The homeless crisis is not just an American problem, but one that extends well beyond these shores.
In Britain, for example, figures released in 2017 by the charity Shelter. show that more than 300,000 people in the U.K. are officially recorded as homeless or living in inadequate homes. To put that into perspective, the numbers equate to one in every 200 people in the country being without a stable home, meaning that the homeless population exceeds the 296,478 residents in the Newcastle-upon-Tyne local authority area.
The findings are said to be the most extensive yet.
Yesterday (2/6/2018), the Cambridge News published a story which focused on one 32-year-old homeless woman’s account of life on the streets.
Raymond Brown, who conducted the interview and is the paper’s Crime Reporter, tells Kindness and Hope about his interaction with the woman who was the focus of the piece.
“I was very impressed with this young woman who was positive despite sleeping out in the freezing cold,” Raymond explains. “Despite her situation, she struck me as a strong woman, intelligent and bright and it was clear that once she gets out of the Catch 22 situation she finds herself in, she will succeed in whatever she does.”
Here is the story in its entirety, republished courtesy of the Cambridge News;
A woman has told how she was attacked and suffers a daily barrage of sexual harassment living on Cambridge streets, as shock data reveals crimes against the homeless.
Nuvola Angelini has told the News how she was attacked by men in Sidney Street and asked 26 people to help but they all turned her backs on her.
The 32-year-old Italian rough sleeper is just one of a rising number of homeless people being attacked, new data has revealed.
Figures released by police show there were five recorded crimes where the victim was homeless in both 2013 and 2014.
In 2015 a total of 19 crimes against rough sleepers were reported, increasing to 45 the following year (2016) and 32 last year (2017).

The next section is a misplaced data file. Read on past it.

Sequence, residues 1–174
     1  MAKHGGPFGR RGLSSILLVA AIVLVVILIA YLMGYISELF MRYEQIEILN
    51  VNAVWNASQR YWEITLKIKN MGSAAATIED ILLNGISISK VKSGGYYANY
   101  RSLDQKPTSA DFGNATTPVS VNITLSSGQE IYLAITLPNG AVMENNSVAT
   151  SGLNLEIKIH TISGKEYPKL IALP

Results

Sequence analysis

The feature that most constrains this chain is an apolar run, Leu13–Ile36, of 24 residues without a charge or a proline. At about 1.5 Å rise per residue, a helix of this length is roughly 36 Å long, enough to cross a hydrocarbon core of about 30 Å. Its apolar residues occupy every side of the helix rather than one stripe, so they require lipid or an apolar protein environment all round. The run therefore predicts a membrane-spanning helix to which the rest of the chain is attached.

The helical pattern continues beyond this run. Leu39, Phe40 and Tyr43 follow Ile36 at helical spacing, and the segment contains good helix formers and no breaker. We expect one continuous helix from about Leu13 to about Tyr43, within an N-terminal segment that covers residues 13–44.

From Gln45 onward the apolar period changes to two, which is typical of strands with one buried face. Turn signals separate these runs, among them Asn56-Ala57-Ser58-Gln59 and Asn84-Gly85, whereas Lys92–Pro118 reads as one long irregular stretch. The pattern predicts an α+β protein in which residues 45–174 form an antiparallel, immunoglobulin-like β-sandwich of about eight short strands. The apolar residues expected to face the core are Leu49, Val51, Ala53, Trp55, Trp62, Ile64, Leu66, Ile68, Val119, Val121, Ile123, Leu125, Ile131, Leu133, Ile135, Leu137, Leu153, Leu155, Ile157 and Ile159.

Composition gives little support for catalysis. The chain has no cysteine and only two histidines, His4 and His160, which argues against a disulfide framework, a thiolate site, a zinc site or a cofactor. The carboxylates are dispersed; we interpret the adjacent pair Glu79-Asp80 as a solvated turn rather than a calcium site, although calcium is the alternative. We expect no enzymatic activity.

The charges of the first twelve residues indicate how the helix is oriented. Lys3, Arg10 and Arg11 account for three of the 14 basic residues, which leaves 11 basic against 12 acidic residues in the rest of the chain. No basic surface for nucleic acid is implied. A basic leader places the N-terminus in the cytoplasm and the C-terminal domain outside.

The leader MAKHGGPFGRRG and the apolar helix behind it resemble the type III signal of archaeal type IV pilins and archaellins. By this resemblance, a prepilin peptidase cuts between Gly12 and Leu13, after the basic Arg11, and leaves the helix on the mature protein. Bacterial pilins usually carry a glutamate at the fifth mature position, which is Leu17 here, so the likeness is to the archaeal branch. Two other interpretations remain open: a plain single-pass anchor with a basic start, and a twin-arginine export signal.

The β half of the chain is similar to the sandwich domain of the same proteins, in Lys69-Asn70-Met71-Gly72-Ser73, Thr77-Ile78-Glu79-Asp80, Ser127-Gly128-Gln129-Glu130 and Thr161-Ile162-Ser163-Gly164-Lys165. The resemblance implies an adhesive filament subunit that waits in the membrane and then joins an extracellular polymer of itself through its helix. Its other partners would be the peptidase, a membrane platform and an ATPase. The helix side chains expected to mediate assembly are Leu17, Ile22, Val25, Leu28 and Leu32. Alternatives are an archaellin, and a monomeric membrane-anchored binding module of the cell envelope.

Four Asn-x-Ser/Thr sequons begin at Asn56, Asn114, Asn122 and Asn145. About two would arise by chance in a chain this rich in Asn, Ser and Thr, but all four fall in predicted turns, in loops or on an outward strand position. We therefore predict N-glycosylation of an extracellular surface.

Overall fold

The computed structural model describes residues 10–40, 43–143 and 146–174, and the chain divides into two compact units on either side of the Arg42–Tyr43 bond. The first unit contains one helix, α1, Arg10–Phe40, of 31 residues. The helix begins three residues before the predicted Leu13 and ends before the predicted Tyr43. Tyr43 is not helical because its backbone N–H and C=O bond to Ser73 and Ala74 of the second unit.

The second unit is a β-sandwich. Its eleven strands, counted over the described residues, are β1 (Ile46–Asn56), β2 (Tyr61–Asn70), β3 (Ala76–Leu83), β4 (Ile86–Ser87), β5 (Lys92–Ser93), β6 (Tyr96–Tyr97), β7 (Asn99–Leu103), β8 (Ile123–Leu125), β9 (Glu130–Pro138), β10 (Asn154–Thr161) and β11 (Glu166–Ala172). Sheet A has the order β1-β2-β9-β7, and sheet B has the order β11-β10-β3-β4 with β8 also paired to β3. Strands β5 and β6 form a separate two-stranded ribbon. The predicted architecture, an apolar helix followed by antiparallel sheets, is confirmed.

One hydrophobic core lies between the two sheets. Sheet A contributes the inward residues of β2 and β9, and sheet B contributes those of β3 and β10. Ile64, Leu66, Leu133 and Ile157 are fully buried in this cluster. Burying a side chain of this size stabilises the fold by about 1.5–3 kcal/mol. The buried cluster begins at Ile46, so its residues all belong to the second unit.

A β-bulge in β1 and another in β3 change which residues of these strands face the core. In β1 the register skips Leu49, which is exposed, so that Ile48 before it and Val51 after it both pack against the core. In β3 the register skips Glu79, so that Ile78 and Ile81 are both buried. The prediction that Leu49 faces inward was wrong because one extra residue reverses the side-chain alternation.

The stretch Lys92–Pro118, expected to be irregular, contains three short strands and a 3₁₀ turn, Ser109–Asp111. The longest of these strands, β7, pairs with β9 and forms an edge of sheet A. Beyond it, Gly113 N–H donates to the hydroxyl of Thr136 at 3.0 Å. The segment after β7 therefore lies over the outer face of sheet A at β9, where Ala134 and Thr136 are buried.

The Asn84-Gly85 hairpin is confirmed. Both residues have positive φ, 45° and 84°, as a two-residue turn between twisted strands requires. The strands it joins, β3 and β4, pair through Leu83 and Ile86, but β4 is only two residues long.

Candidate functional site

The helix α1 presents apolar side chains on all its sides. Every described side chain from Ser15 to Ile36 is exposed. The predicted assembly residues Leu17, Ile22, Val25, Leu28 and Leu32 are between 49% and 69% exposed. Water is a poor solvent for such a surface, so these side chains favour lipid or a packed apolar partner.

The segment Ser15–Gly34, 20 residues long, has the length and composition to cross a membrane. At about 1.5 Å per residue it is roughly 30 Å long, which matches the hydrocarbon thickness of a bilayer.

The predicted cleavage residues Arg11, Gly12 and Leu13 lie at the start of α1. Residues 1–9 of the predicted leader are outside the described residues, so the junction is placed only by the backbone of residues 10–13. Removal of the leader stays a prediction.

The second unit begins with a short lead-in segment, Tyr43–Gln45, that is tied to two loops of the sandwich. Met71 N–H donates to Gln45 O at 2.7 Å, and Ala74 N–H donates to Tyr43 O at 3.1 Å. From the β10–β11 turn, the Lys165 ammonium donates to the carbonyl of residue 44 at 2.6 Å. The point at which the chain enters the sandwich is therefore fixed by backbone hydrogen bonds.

Of those crimes, there were 11 rapes, eight robberies, and two kidnappings.
The majority of the crimes were violent offenses ranging from common assault.
Other crimes include race hate, threats to kill, theft, assaults with the intention to cause serious harm, several assaults with injury and bike theft.
‘He started kicking me and spitting in my face’
Nuvola was attacked along with a friend as they slept outside the Metro bank in Sidney Street just before Christmas.
She said: “These five guys walked past and started insulting me and then one of them pushed me. He started kicking me in the legs and spitting in my face. He was hitting me really hard. He hit my friend’s face and used a belt on her face.
“I ran up and down really scared and I asked 26 people for help. I know because I counted. They just turned their backs to me and wouldn’t help. I asked the taxi drivers for help but they just wound up their windows.
“The police didn’t come. This was right in front of the CCTV cameras but nothing was done. Later on one of the men came back and asked if I would give him oral sex for money. I am not a working girl.”
‘Every morning, every afternoon and every night men ask me for sex’
The former Addenbrooke’s worker, who started sleeping on the streets in May last year after losing her job because of legal problems, told how she is sexually harassed every day.
She said: “Every morning, every afternoon and every night men ask me for sex. They are not always drunk either. It doesn’t matter what their age. It is a daily thing.
“You just have to stand up for yourself and not show any fear.”
A Cambridgeshire police spokesman said: “We are committed to protecting the most vulnerable in society so it is concerning to see a rise in recorded crime against homeless people.
“We treat these offenses very seriously and will do everything in our power to bring those responsible to justice and give victims the best possible service.
“It’s also important to note that these figures may reflect a greater confidence among homeless people to report a crime to police in the first place, which can only be a good thing.”
Watch the interview below: